The main goal of the Republicans was to delay the Nationalist advance until the winter came, nevertheless, then the Legion Condor returned from the Aragon front and started to bomb the Republican positions. The German squadrons used napalm (cans of petrol attached to incendiary bombs) and tested the idea of the carpet bombing. On 14 October Arriondas fell, and the Colonel Muñoz Grandes managed to break the republican front, entering in Tama and advancing to Campo de Caso.[7] The Republican troops retreated to Gijón and on 15 October the Solchaga's troops joined up with Aranda's troops.[8]

Then, the Republican government ordered to begin the general evacuation[9] and on 17 October the Sovereign Council of Asturias decided to start the evacuation, but the Legion Condor sank the Republican destroyer Ciscar and the Nationalist fleet blocked the Asturian harbours. Only the senior officers managed to escape on gunboats and fishing vessels (Prada, Galán, Segundo Blanco, Belarmino Tomas). On 20 October, twenty-two Republican battalions surrendered and the Colonel José Franco, handed over the town of Trubia to the Nationalists. On October 21, the Nationalists entered Gijon, ending the occupation of Asturias. Nevertheless, thousands of Republican soldiers fled to the nearby mountains and started a guerrilla campaign against the Nationalist troops.[10]

Aftermath[edit]

The Nationalist repression was harsh. In Oviedo alone, 1,000 republican prisoners were shot.[11] The Republican prisoners were sent to labour battalions or were forced to join the Nationalist army (around 100,000).[12] Furthermore, with the conquest of the North, the Nationalist controlled the 36 per cent of the Spanish industrial production, 60 per cent of the coal and all the steel production.[13]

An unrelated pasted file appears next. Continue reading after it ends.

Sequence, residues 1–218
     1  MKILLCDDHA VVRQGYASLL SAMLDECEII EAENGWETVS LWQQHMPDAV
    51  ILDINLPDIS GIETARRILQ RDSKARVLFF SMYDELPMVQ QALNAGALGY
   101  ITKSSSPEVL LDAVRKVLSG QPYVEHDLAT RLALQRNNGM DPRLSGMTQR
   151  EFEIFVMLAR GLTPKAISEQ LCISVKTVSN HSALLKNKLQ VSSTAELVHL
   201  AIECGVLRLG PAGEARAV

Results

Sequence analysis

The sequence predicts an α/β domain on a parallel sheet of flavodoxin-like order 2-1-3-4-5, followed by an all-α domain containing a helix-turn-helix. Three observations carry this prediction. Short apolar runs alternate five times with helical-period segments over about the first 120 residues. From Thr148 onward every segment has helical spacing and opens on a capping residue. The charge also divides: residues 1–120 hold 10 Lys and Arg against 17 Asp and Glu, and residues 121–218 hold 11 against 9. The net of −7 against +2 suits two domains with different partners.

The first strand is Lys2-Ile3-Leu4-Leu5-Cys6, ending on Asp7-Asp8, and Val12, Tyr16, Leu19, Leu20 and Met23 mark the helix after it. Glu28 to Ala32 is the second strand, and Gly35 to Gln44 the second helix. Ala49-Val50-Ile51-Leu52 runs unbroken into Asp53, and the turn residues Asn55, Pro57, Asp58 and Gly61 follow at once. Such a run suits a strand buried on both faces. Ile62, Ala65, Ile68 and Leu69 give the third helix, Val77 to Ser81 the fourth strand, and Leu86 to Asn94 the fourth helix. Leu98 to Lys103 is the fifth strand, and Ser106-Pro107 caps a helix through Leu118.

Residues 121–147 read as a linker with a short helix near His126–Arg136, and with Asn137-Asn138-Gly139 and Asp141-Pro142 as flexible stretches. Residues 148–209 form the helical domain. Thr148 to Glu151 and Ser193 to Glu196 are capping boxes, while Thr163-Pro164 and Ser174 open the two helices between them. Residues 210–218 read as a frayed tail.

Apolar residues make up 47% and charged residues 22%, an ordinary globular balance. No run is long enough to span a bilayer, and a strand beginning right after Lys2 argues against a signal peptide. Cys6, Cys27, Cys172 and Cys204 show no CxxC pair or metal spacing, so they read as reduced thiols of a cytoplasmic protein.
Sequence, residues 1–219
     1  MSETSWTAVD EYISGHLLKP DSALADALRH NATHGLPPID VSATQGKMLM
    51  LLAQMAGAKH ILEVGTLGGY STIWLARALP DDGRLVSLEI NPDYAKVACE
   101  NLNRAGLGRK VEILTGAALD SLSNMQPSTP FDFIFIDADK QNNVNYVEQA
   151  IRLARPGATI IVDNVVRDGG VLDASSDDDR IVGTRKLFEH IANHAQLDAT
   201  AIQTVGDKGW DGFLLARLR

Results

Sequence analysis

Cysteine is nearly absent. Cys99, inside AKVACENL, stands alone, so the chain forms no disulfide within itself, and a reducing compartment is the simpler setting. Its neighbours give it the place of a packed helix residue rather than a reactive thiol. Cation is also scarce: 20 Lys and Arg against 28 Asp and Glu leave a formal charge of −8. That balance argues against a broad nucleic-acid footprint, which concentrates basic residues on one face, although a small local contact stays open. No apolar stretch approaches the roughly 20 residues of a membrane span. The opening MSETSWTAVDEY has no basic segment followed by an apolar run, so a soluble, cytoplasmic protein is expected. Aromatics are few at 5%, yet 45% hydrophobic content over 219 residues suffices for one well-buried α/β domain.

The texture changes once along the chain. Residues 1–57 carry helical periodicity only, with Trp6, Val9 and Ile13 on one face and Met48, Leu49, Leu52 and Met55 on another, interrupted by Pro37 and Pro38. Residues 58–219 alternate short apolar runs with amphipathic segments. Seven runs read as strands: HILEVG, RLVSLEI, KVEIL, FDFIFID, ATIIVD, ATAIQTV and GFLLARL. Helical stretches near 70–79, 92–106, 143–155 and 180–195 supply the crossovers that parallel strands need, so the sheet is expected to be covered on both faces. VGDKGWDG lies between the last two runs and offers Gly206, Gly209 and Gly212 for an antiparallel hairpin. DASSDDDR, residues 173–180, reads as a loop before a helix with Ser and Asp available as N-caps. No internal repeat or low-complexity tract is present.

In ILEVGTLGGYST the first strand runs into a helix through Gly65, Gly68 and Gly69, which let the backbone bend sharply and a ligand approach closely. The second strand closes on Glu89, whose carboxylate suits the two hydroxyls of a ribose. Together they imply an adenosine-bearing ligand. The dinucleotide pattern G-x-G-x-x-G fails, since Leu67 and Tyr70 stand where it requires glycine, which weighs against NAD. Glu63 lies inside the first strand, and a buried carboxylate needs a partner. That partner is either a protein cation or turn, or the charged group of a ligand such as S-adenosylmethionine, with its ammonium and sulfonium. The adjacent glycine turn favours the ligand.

Notes[edit]

  1. ^ Beevor, Antony. (2006). The Battle for Spain. The Spanish Civil War, 1936–1939. Penguin Books. p. 301
  2. ^ Beevor, Antony. (2006). The Battle for Spain. The Spanish Civil War, 1936–1939. Penguin Books. p. 301.
  3. ^ Thomas, Hugh. (2001). The Spanish Civil War. Penguin Books. London. p. 707
  4. ^ Beevor, Antony. (2006). The Battle for Spain. The Spanish Civil War, 1936–1939. Penguin Books. p. 301.
  5. ^ http://www.speleogroup.org/files/ElMazuco-impossible-defence.html
  6. ^ Beevor, Antony. (2006). The Battle for Spain. The Spanish Civil War, 1936–1939. Penguin Books. p. 302
  7. ^ Beevor, Antony. (2006). The Battle for Spain. The Spanish Civil War, 1936–1939. Penguin Books. London. p. 302
  8. ^ Thomas, Hugh. (2001). The Spanish Civil War. Penguin Books. London. p.708
  9. ^ Beevor, Antony. (2006). The Battle for Spain. The Spanish Civil War, 1936–1939. Penguin Books. London. p. 302
  10. ^ Thomas, Hugh. (2001). The Spanish Civil War. Penguin Books. London. pp.708–710
  11. ^ Thomas, Hugh. (2001). The Spanish Civil War. Penguin Books. London. p. 710
  12. ^ Beevor, Antony. (2006). The Battle for Spain. The Spanish Civil War, 1936–1939. Penguin Books. London. pp. 302-303.
  13. ^ Thomas, Hugh. (2001). The Spanish Civil War. Penguin Books. London. p. 712

Bibliography[edit]